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Exquisite Corpse 105, ca. 2011

Mixed Media on Paper, Signed
16 × 30 in
40.6 × 76.2 cm
location
Jersey City, Chicago, Miami
Want to sell a work by this artist? Consign with Artsy.
About the work
Mana Contemporary
Jersey City, Chicago, +1 more
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THE ARMITAGE GONE DANCE EXQUISITE CORPSE PROJECT

More than 180 internationally recognized visual …

Read more

THE ARMITAGE GONE DANCE EXQUISITE CORPSE PROJECT

More than 180 internationally recognized visual artists, architects, designers and photographers participated in the Armitage Gone! Dance Exquisite Corpse Project, beginning in 2011. The artists created one hundred and thirty nine artworks to benefit Armitage Gone! …

Read more
Medium
Mixed Media
Series
The Armitage Gone Dance Exquisite Corpse Project
Image rights
(Top-Bottom) William Wegman - Graphite, Watercolor; William Earl Kofmehl - Hand Embroidery with Rayon Thread on Fabric; Andrew Guenther - … Read more
William Wegman
American, b. 1943
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Though originally trained in painting, William Wegman is known for his photographic images featuring dogs—primarily his own Weimaraners—in various costumes and poses, and with an array of props. Wegman embarked on a 12-year collaboration with his first dog, Man Ray, who appeared in numerous photographs and videos. In 1986 Wegman acquired a new dog, Fay Ray, beginning a second collaboration in which the artist began using a 20-by-24-inch Polaroid; Wegman’s cast would grow after Fay Ray gave birth to a litter. In Entabled (1988), a Weimaraner is depicted perched demurely on its back atop an antique wooden table, while in Evergreen (2003), Wegman captures his dog’s profile against a stark black background and with a sprig of upside-down foliage balanced on its head. He has also produced artist books in which his dogs feature as the lead characters, as in his much-loved dog version of Cinderella.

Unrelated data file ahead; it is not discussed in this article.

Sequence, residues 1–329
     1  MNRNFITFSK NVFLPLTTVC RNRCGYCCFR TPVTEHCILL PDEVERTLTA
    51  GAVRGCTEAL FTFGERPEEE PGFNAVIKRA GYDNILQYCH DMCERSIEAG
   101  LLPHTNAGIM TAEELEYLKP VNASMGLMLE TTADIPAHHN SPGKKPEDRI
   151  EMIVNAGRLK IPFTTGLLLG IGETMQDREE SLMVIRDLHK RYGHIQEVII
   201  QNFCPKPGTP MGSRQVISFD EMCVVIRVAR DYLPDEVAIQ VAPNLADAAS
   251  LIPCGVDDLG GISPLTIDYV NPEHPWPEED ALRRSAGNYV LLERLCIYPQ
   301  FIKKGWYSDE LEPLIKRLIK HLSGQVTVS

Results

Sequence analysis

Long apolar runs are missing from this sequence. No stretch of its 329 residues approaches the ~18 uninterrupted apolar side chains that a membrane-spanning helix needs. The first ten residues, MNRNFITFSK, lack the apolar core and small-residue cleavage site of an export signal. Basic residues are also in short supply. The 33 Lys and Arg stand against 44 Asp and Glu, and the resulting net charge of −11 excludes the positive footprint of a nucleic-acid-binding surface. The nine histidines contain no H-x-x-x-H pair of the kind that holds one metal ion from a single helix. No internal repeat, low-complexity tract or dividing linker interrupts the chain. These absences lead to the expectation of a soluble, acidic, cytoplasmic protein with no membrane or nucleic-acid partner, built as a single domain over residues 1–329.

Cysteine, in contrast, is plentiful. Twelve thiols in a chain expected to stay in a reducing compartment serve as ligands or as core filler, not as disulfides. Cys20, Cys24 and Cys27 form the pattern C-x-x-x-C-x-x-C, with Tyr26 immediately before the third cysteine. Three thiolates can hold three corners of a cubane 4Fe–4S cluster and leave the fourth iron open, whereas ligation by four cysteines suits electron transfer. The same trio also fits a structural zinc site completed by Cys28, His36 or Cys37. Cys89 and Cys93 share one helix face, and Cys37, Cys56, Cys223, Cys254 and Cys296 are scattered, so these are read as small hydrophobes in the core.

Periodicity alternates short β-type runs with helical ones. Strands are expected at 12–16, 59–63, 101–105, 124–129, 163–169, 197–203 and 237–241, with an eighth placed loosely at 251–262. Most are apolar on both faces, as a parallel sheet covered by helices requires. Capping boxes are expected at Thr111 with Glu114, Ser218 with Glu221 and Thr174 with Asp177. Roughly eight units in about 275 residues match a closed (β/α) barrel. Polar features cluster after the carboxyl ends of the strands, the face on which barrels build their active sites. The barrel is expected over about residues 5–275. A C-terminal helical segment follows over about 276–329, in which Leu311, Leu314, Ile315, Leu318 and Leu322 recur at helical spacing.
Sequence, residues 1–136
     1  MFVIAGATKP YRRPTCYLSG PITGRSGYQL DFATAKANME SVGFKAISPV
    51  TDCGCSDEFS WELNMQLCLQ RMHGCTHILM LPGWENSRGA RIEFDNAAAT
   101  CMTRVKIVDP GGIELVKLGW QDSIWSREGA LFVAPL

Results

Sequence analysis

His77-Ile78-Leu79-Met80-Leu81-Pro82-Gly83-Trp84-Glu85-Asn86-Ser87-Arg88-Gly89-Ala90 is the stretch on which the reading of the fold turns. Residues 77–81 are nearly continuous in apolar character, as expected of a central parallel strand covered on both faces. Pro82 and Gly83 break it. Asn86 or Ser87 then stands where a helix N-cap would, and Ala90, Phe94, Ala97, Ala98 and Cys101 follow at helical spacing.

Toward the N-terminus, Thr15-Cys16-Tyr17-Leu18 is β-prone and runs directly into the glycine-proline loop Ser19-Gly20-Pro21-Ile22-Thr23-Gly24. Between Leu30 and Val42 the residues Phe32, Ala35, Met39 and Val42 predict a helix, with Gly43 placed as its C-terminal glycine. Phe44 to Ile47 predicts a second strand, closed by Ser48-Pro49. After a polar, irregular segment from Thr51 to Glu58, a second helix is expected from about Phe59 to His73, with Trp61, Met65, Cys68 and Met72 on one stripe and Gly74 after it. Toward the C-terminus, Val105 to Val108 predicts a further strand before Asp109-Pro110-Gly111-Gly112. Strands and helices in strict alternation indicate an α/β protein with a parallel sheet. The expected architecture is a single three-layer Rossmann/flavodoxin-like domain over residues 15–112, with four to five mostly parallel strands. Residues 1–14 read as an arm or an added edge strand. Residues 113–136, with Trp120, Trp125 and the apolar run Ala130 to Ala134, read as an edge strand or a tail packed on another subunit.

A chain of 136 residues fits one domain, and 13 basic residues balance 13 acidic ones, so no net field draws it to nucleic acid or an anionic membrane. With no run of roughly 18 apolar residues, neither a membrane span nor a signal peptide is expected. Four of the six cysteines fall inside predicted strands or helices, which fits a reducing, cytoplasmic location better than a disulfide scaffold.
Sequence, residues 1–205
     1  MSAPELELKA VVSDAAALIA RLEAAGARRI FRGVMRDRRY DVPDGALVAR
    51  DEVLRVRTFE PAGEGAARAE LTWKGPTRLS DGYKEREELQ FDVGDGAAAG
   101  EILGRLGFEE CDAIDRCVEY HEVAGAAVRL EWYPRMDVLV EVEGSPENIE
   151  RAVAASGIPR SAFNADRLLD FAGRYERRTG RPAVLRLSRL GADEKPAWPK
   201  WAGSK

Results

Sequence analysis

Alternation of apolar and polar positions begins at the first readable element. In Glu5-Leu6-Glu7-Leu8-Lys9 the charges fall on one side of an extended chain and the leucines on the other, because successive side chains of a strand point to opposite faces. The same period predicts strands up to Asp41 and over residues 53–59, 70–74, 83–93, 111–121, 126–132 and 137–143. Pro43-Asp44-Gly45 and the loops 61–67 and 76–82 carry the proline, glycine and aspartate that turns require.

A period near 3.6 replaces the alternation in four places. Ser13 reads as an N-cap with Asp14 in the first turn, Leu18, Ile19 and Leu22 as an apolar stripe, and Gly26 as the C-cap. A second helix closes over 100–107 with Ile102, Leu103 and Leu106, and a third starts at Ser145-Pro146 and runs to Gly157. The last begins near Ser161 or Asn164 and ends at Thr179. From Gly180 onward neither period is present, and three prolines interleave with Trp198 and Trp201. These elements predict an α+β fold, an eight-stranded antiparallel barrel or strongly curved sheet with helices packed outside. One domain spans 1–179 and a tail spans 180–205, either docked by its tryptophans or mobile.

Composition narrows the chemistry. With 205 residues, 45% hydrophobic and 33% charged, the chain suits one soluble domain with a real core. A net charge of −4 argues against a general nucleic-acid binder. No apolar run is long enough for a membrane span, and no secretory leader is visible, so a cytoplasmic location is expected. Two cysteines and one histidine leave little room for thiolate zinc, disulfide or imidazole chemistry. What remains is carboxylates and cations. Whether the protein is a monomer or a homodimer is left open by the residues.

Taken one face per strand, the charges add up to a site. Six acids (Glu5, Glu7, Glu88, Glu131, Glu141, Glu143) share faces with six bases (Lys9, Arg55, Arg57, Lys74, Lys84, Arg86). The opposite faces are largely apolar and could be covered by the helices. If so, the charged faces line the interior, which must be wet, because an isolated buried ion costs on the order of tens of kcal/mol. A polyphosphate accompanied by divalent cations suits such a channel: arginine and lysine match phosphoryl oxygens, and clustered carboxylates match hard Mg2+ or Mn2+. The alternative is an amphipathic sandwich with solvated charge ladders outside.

William Earl Kofmehl III
American, b. 1980
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Known for his zany performances, William Earl Kofmehl III draws from his wide-ranging fascinations and his experimental approach to life to produce scenarios at once enigmatic and inviting. In 2002, he (literally) launched his career; donning a lobster suit, he took a vow of silence and moved into a wooden shelter, eventually emerging and traveling to worldwide tourist attractions, where he would launch himself off of a wooden platform and land—splat—on the ground. This piece earned him the moniker, “Lobster Boy,” and marked the beginning of his progressively more elaborate performances. In all of his work, Kofmehl aims to encourage viewers to see the world differently, stating: “One of my approaches toward performance is self-deprecation, allowing the viewer to feel empowered and invited into the work. This empowerment enables the viewer to transition from voyeur to participant.”

Save
Save